TT-682 -- Entrepreneur Awards and Mentoring, ebiz news from Japan

* * * * * * * * * T E R R I E 'S T A K E * * * * * * *
A weekly roundup of news & information from Terrie Lloyd.

General Edition Sunday, October 14, 2012, Issue No. 682


- What's New -- Entrepreneur Awards and Mentoring
- News -- New superconducting motor for EVs
- Upcoming Events
- Corrections/Feedback -- Bicycle parking
- Travel Picks -- Oyasu, Akita, and Happo-en, Tokyo
- Japan Business Q&A -- Godo vs. Kabushiki Kaisha
- News Credits

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There seems to be very little public statistical research
about Japanese entrepreneurs, so we were surprised
and happy to come across a Stanford University
paper, which offers some fascinating facts and figures
about the make up of the Japanese entrepreneurial
community. For example, did you know that:
* The average age of a Japanese entrepreneur is around 40
years old.
* Only about 4% of new companies started since 1998 are
headed by women, although that number is rising.
* The university that turns out the the most Japanese
CEO/founders of new companies is Waseda University.
* The second most common alma mater for new company
CEO/founders is not a Japanese university at all, but
universities (a bunch of them) abroad.
* Japanese start-ups are resilient, and are 35% more likely
to survive after being in business 5 years than are US
high-tech start-ups

All good stuff that we didn't know either, until we
stumbled across the Stanford study by Robert Eberhart and
Michael Gucwa. Although it is slightly dated, having been
published in 2009, given that the Lehman Shock didn't
impact Japanese companies to the same degree it did
elsewhere (although it has been almost solely responsible
for the persistently high yen as the US devalues its
currency), we expect that the results would be similar even
today in 2012. You can see the study, entitled
"Entrepreneurship in Japan: A Data Report",

The picture that the Eberhart/Gucwa report paints is one
where Japanese start-ups are highly focused on sectors that
have low hurdles to entry, such as importing and
wholesaling products, offering business services, and
creating software. Those companies that get past the
start-up phase are more likely to grow faster and be more
profitable that is normal for their sector, and
importantly, they become major employers. Needless to say,
they are notable for their innovation, ability to adapt to
sectoral change, and are particularly good at taking
advantage of regulatory change (echos of "Poor Dad, Rich
Dad"). It's not hard to think of examples, such as Rakuten,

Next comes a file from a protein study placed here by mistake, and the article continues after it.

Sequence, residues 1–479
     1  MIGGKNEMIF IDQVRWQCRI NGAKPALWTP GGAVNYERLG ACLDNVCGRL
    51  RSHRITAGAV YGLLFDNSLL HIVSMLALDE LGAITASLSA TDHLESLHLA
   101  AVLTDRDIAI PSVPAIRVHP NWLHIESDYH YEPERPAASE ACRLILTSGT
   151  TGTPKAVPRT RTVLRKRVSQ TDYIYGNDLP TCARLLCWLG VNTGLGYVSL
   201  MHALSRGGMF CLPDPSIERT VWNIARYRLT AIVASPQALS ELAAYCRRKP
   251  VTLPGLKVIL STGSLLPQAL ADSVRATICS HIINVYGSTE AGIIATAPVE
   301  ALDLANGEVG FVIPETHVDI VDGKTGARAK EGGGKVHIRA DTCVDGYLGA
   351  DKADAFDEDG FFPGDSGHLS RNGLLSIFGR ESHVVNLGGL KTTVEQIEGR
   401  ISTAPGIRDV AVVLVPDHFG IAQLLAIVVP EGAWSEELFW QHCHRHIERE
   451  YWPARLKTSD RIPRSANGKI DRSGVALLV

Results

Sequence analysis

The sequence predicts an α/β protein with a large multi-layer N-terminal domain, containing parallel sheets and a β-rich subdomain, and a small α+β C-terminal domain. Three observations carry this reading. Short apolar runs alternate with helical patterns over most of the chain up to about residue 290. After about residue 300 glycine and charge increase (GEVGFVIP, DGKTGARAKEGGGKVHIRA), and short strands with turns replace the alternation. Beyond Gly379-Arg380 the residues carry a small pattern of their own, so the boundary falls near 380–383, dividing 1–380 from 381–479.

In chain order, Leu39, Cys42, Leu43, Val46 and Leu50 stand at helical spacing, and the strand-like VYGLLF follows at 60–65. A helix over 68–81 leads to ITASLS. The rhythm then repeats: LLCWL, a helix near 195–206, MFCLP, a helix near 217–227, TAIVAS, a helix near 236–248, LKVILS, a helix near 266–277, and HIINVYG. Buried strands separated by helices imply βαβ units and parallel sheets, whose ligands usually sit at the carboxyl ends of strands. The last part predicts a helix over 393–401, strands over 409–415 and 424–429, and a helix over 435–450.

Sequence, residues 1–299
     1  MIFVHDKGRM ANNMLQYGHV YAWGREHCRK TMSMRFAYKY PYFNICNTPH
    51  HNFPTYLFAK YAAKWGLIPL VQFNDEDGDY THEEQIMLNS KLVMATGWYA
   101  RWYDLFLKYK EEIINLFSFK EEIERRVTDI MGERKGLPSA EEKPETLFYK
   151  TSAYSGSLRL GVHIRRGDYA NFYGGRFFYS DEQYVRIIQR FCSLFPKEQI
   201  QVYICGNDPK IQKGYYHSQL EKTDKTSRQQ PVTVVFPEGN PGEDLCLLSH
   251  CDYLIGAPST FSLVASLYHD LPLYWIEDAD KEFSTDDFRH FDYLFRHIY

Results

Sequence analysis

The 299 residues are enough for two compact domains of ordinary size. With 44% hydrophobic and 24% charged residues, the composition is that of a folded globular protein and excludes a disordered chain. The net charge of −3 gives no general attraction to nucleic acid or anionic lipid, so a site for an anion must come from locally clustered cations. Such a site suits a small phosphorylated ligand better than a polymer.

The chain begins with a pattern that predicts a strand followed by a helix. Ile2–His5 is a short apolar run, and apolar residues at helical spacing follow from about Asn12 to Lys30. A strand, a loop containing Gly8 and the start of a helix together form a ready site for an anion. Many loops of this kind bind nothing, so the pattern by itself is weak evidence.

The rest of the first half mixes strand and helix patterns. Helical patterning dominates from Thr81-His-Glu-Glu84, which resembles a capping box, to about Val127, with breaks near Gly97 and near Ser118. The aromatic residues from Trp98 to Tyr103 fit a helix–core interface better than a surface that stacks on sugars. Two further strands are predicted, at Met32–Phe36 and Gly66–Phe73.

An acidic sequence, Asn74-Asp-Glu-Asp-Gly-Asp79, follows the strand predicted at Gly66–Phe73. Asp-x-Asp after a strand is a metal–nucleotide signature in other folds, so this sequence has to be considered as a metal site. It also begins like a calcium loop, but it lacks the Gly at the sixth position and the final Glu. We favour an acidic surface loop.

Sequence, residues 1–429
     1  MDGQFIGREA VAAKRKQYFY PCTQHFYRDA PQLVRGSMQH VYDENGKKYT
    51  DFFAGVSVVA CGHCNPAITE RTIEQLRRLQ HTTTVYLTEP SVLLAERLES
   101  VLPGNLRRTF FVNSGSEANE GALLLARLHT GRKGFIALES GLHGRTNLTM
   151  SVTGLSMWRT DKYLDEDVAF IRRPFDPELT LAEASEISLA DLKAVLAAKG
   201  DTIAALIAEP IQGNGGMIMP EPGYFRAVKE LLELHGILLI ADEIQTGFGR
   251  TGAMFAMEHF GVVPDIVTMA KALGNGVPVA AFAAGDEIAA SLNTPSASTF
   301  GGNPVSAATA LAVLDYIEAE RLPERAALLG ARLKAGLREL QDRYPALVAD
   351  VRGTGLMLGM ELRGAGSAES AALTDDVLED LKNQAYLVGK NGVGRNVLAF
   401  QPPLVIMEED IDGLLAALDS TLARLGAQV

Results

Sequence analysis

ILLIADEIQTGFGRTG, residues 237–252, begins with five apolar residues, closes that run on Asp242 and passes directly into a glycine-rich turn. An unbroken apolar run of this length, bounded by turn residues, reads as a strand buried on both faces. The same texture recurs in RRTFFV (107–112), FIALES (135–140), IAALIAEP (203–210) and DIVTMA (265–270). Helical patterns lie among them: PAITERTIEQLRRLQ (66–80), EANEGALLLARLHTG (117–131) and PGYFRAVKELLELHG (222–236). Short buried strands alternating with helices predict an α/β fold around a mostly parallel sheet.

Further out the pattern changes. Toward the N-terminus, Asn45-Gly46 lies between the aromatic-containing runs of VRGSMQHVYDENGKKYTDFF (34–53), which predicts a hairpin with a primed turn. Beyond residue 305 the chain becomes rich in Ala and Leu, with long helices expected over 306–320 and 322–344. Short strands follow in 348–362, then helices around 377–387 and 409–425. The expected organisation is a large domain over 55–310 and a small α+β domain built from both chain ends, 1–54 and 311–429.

DeNA, Gree, Cyberagent, and many others.

What is interesting about successful Japanese start-ups is
the foreign connection, be it education, money, technology,
business deals, or all four. We suppose that Softbank's
Masayoshi Son epitomizes the foreign connection, through
his having been educated partly in the USA; building his
first major business, that of selling software, by working
with foreign software publishers; then lending money from
Vodafone and foreign banks to do the gigantic Vodafone
Japan takeover, and now his possible push into the US
market through a takeover of Sprint's business. Other
examples include Rakuten's Mikitani, Monex's Matsumoto, and
Globis' Hori, who have all done well through their foreign
connections and who are now leaders in their respective

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[...Article continues]

Thus when we learned in 2010 of a new initiative uniting a
number of foreign-led programs nurturing entrepreneurship
in Japan, we got quite interested. The initiative is
called The Entrepreneur Awards Japan & the Entrepreneur
Mentoring Initiative (TEAJ-EMI) and is chaired by Patricia
Bader-Johnston and vice-chair Thomas R. Shockley. It
is supported by the ACCJ, BCCJ, British Council, JMEC, MIT
Enterprise Forum Japan, GEW and E&Y (as the secretariat)
-- so they have some pretty decent credentials.

Starting with the TEAJ part of the initiative, the
highlight has to be the involvement of US Ambassador John
V. Roos who hosts the awards at his residence and who has
also established a special US Ambassador’s Award to provide
support to the contestants through embassy events and
networks. Apparently Ambassador Roos has lots of hands-on
experience in start-ups, and his advice has included tips
on how to network back in Silicon Valley and how to go
about fund-raising. Certainly his involvement has given the
TEAJ credibility, helping them to attract such high-profile
judges and mentors as Taizo Son (Masayoshi's younger
brother), Mixi founder Eto Batara, and serial entrepreneur
William Saito.

But it's not just the luminaries that are involved, TEAJ
has attracted some bed rock members of the local investment
community as well. For example, the selection committee chair
is none other than Tokyo-based seed investor Jeff Char, who
was quoted after the 2010 program as saying, "Feedback
[Ed: through TEAJ] is a kind of tough love that helps
entrepreneurs focus on what will really make them
successful.” We imagine that Jeff was thinking about how
Japanese kids are schooled, and that "tough love" is not
something they have a problem with. :-)

A recent Ambassador's Award winner under the TEAJ program
was Reina Otsuka of Eco+Waza (, a
company which scours Japan for cool environmentally
friendly products and sells them online, in both English
and Japanese. Check out the website, it's a good idea and
we can imagine that the company will become well-known to
Japanese crafts connoisseurs over the next year or so.
Eco+Waza was started in 2006 and is still small -- in
fact, this seems to be Otsuka's strategy, since she
appears to want to concentrate on the unique and premium
side of Japan rather than building massive inventory and
having the lowest prices. This is a very viable business